We point this out so you can see how applications can be designed with many purposes in mind. If you've given enough thought to the kind of data you want to collect, it becomes relatively easy to add or delete various code sections from an application depending on who will ultimately use it. Depending on a person's status (e.g. Registered Member, or Unknown Surfer), you could design applications that restrict some users from seeing things they are not authorized to see, while presenting a richer, more detailed set of Data to users who belong to your Club, Organization or User Group.
The last two items we need to Declare in this section are the Key Fields and the Textarea Fields. Not all dba applications will have such fields, but when they do, we use two special Tags to declare them.
The <dbakeyfield> Tag has the following syntax:
< dbakeyfield ApplicationName "KeyFieldName" />
This Tag should be declared immediately after the <dbacreate> Environment Tag to let your application know which Key Fields should be used. If your application only has a single Index File with a single Key, then your program might contain this:
A more sophisticated application might contain an Index File with several keys. In that case, you should declare each of them in the preferred order of importance. For instance, if your application allowed people to make repeated entries under the same Email or UserName (note that the Interactive Guestbook only allows a single entry for each Email address), you might have an Index File based on the Email, EntryDate, and EntryTime fields. In that case, your application should contain three references to the <dbakeyfield> Tag:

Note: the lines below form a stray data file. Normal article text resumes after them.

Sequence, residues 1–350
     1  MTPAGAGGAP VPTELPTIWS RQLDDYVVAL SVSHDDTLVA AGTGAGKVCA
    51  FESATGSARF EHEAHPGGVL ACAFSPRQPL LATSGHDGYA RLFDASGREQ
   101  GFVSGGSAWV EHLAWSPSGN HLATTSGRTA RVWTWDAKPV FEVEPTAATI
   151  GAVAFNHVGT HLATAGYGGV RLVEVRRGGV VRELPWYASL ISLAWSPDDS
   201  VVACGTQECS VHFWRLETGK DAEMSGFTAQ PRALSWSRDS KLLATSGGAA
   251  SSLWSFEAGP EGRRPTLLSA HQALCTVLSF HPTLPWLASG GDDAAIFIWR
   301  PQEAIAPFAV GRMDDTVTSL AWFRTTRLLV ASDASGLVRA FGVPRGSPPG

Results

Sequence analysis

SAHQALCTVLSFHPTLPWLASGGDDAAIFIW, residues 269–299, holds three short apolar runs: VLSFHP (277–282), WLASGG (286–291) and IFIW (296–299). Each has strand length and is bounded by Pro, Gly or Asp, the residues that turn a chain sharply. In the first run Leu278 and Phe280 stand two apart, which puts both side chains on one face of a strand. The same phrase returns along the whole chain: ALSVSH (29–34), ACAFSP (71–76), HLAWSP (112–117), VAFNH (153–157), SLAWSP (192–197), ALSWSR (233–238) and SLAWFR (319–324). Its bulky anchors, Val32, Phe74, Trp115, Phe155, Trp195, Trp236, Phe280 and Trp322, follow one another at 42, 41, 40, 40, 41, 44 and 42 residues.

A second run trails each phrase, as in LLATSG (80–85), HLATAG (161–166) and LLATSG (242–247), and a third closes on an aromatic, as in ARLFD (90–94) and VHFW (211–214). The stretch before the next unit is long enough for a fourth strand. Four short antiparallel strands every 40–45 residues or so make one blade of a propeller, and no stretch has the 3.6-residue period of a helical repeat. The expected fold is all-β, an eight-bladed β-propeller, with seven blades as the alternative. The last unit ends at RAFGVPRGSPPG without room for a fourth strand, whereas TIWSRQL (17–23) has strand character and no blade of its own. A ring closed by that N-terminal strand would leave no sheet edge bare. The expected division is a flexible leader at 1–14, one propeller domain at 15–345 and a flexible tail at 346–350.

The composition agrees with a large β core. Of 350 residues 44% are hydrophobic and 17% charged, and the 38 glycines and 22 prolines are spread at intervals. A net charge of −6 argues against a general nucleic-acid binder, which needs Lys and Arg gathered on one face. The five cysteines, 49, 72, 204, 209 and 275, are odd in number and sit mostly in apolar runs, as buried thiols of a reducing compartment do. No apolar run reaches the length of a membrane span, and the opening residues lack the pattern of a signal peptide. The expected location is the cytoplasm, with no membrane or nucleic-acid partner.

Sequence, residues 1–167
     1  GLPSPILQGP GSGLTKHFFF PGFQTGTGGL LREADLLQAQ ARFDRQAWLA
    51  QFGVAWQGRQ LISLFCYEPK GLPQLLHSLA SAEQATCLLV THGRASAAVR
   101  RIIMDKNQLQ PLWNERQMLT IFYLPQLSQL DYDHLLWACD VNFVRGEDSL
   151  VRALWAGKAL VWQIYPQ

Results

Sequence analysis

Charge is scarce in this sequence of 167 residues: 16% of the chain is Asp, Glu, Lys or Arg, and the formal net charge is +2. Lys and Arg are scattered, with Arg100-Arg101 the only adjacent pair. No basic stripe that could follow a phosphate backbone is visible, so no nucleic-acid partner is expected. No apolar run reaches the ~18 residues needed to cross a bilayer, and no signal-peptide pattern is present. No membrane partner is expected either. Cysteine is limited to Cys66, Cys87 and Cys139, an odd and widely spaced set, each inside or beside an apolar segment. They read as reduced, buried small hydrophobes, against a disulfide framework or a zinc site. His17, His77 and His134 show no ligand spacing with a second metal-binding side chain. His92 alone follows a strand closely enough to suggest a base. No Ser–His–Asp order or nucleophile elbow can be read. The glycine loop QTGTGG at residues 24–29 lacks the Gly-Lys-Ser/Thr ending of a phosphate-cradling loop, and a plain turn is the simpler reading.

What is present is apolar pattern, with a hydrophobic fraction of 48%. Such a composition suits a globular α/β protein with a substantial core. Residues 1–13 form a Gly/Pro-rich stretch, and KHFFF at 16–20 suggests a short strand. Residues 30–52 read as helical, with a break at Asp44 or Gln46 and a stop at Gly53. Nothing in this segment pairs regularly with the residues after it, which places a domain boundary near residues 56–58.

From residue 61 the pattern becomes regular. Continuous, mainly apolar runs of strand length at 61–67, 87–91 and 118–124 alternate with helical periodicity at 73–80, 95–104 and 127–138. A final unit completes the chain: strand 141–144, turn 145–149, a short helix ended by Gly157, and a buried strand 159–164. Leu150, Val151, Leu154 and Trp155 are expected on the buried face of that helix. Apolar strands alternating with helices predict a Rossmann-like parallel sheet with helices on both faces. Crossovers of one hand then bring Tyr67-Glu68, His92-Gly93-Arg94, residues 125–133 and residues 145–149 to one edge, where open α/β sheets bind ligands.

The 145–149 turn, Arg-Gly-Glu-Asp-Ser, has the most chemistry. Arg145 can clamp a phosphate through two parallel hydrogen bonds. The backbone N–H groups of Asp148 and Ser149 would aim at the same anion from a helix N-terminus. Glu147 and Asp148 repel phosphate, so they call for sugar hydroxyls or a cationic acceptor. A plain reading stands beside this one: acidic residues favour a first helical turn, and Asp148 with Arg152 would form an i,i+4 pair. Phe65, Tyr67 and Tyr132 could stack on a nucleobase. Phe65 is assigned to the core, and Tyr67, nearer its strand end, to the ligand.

<dbakeyfield gb "Email"> <dbakeyfield gb "EntryDate"> <dbakeyfield gb "EntryTime">
Assuming you had a group of Users who made many entries to your database, you could Browse your database in alphabetical order based on the Email Field, with each Email address clustered together in date order.
A variation on this might be the following:
<dbakeyfield gb "Email" order="desc"> <dbakeyfield gb "EntryDate" order="desc"> <dbakeyfield gb "EntryTime" order="desc">
In the above example, you could Browse the Email addresses in reverse alphabetical order, with the most recent entries appearing first, then stretching backwards in time.
Although it is beyond the scope of this Tutorial to give a complete discussion of the possibilities afforded by maintaining multiple Index Files with multiple Key Fields, you should definitely do a bit of experimenting on your own in this area. If you have already read the Dynamic Pages page in this Language Guide, you should realize that you could set up a series of if...else.../if control statements that dynamically select among a variety of Key Fields and Sort Orders, depending on the needs of your Users.
The last item tells your dba application about any Textarea Data Fields you might be using. Most SQL Database systems have a Data Type called text that is handled as a Binary Large Object (BLOB). Because these BLOB Data Fields are handled differently, you must declare them in to your dba applications.
Here's how we do that:
<dbaTtext gb "FavComment"> <dbaTtext gb "Comment">
Naturally, the <dbaTtext> Tag is only necessary when your application uses a Data Field of type text.
In this section we talked about eight things you must declare in any application using the dba Library. We showed you which Tags to use to accomplish this, how to use them, and which order to declare them. Additionally, we pointed out some things to consider when designing your own applications: